The Oregon State University campus has seen a number of intriguing questions raised this fall:
- Imagine an orchestra of musicians, but instead of oboes, violins, and flutes, each person on stage has a networked laptop computer and custom-designed speaker. As a group they are capable of filling a concert hall with evocative and remarkable sound. What creations are possible for such a “laptop orchestra”?
- Consider also how technology can help us visualize and understand in new ways the tremendous volume of data we can now collect about our world — can this data be “art” and how in that sense can art help science?
- Everyone gets that technology evolves at a breakneck pace. But what about the ways in which this pace of change transforms how we see and understand the world around us, through our cities, and houses, and daily activities? Continue reading →
One-hundred high school girls got first-hand experience with web programming, object-oriented 3D programming, circuits, and more at ChickTech, a workshop co-hosted by Oregon State’s Women and Minorities in Engineering Program. The brainchild of Oregon State alumnus Janice Levenhagen-Seeley, ChickTech is a Portland-based organization focused on building a multi-generational community of women in technology. The organization has presented workshops or events in Portland and Corvallis, with the goal of adding a new city each year. Hoping to address the lack of females in technology-based programs such as engineering and science, they offer hands-on learning opportunities to show young girls that it’s not all boring desk work. Read more…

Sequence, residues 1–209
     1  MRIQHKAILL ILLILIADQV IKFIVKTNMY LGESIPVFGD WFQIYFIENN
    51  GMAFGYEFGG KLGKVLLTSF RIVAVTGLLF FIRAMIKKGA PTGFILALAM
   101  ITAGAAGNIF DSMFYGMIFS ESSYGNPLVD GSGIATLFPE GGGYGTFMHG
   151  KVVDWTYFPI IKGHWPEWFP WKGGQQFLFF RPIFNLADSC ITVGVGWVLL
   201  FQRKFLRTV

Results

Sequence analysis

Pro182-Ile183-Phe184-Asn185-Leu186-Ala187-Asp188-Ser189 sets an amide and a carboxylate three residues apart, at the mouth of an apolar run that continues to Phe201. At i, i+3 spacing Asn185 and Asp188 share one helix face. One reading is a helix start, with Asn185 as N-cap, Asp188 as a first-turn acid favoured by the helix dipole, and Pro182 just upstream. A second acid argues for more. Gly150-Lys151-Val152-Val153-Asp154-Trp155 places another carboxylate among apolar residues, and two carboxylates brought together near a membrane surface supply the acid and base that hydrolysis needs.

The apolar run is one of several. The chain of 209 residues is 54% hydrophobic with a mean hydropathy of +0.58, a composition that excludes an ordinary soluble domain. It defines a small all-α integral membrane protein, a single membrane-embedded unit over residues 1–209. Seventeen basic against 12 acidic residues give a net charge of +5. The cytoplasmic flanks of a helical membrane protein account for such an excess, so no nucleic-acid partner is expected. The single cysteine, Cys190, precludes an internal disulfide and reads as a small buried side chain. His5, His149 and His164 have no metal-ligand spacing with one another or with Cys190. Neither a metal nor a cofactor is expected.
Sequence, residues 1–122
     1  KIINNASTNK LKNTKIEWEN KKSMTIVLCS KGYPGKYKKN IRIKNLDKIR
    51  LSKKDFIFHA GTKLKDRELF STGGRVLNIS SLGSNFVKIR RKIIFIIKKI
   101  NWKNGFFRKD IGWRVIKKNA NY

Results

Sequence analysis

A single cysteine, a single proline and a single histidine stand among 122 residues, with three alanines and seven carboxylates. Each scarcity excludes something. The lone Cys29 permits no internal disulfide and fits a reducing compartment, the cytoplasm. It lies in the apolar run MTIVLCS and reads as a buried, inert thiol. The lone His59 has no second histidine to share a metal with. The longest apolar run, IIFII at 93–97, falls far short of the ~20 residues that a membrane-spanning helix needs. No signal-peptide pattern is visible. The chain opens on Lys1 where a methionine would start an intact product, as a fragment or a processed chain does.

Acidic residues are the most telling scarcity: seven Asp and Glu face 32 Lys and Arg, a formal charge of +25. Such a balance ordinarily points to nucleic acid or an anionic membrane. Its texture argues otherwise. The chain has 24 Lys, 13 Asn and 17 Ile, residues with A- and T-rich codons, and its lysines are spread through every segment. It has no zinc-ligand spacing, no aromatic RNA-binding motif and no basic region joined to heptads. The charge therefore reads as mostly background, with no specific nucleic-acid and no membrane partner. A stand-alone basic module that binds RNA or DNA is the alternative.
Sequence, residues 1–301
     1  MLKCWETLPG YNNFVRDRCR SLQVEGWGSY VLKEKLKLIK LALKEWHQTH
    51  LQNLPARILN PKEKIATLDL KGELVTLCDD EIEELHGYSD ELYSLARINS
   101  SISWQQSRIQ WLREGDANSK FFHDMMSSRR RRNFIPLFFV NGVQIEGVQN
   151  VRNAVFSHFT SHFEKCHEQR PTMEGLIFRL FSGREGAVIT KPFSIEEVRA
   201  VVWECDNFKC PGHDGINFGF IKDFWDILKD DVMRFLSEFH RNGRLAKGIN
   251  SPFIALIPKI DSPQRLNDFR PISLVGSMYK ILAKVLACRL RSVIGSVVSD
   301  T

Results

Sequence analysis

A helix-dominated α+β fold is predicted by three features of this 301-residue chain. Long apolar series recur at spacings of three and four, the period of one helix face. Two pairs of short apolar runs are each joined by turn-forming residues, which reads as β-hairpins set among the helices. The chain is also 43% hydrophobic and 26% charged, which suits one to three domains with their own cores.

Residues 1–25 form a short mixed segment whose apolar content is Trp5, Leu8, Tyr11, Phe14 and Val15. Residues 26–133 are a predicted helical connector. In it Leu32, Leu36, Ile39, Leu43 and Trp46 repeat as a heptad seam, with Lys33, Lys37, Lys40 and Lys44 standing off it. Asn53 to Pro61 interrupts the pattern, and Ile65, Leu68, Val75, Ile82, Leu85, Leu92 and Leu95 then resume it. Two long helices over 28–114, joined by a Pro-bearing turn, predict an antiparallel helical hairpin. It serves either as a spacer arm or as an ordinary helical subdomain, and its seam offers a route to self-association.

They say nature does it best, and researchers in the College of Engineering are discovering just how true this can be. They are turning to birds, bats, and butterflies for inspiration in the design of Unmanned Aerial Systems (UAS). These devices can fly above ground to lower risks to fire fighters, reduce cost of collecting data on wildlife, and help locate lost hikers or skiers. Now, College of Engineering faculty are working hard alongside businesses, economic development organizations, and the state government to advance the technology. Read the whole story in Terra.